But the US does not believe the issue has been solved, since Mr Geithner said last week that "we have some more work to do in this area". The US has said American companies are missing out on the chance to compete for contracts worth billions of dollars. The seriousness with which the US is taking the issue was shown by the fact that its trade representative, Ron Kirk, last week called on China to "step back" from its "flawed and troubling" industrial policies, such as those relating to indigenous innovation.

And Gary Locke, the US commerce secretary, said foreign companies were suffering a "significant disadvantage" in China, even though the country has been a member of the World Trade Organisation since 2001. Speaking in Hong Kong, Mr Locke warned the indigenous innovation rules could limit foreign direct investment that could yield new products and services within China and stimulate innovation among Chinese companies.

The US administration's concern is shared by some in China, among them Ted Dean, the president and managing director of BDA, a consultancy that assists foreign companies to operate in China. He says there is a bias in favour of Chinese companies through "an umbrella" of policies, not just rules on government procurement. "The challenge is that, in some of the policies that have been adopted, there's clearly a goal to promote domestic champions, [to help] Chinese companies to take leadership positions in domestic markets and this is stated in some of the policies of import substitution," he says.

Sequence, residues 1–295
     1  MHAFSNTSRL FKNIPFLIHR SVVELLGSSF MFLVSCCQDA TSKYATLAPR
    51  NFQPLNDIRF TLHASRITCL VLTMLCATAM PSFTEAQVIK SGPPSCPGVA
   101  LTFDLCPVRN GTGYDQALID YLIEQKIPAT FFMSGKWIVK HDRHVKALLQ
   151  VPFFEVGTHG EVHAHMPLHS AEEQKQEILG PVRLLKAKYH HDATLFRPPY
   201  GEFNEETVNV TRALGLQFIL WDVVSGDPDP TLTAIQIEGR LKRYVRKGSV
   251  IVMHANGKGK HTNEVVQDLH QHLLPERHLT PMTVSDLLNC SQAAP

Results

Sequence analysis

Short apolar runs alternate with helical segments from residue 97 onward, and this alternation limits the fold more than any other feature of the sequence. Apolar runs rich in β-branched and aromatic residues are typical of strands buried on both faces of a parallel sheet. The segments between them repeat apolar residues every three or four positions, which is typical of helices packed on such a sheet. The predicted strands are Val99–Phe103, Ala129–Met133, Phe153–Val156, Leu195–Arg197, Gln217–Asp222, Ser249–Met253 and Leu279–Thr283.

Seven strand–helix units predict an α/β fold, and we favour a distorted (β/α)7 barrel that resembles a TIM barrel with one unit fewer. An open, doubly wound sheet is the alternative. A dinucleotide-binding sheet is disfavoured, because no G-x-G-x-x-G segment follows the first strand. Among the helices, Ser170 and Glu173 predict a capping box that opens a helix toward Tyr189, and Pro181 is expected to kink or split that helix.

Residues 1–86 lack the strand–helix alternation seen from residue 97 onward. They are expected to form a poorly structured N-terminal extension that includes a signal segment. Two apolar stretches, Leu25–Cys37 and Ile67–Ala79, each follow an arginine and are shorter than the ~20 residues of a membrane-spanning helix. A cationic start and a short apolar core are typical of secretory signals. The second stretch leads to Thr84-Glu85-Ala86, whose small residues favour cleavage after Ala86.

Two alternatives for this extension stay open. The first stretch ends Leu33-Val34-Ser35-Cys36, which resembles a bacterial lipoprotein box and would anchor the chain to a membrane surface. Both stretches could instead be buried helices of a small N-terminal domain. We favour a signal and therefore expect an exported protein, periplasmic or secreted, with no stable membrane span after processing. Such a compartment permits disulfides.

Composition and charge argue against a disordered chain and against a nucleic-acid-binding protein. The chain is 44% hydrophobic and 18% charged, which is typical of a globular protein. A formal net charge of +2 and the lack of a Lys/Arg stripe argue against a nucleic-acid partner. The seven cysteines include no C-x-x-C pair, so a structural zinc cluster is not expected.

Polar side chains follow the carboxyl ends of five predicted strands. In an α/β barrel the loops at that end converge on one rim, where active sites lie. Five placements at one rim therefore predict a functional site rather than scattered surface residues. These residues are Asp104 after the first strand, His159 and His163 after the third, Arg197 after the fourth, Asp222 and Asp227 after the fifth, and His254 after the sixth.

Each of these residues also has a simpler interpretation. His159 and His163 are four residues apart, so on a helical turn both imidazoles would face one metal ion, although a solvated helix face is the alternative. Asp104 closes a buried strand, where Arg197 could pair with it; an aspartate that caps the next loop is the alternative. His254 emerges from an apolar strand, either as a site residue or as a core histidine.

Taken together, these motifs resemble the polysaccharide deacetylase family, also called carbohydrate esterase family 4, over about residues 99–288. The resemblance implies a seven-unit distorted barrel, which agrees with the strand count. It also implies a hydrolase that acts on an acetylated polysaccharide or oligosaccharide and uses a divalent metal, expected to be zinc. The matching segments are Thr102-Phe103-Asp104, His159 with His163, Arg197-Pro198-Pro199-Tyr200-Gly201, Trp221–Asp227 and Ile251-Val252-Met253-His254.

There is, he says, "no question" that foreign firms are being impacted by the policies, which create a "shielded domestic market". "China has benefited enormously from openness to trade and from the global trading system, from its ability to have export-driven growth and from foreign direct investment in the last 20 to 30 years," he says. "Chinese suppliers to foreign companies have become better managed and innovative because these foreign companies were willing to come here and work with staff.

"The bargain was that these companies would have some fair opportunity to compete in this market." It was not "sustainable", he suggests, for China to maintain a policy that did not adhere to this "bargain". Others have said China's vast stimulus package spending shuts out foreign companies. One argument sometimes advanced against China's indigenous innovation rules is that research and development is often an international collaborative exercise that spans national borders. This is a view Mr Dean shares.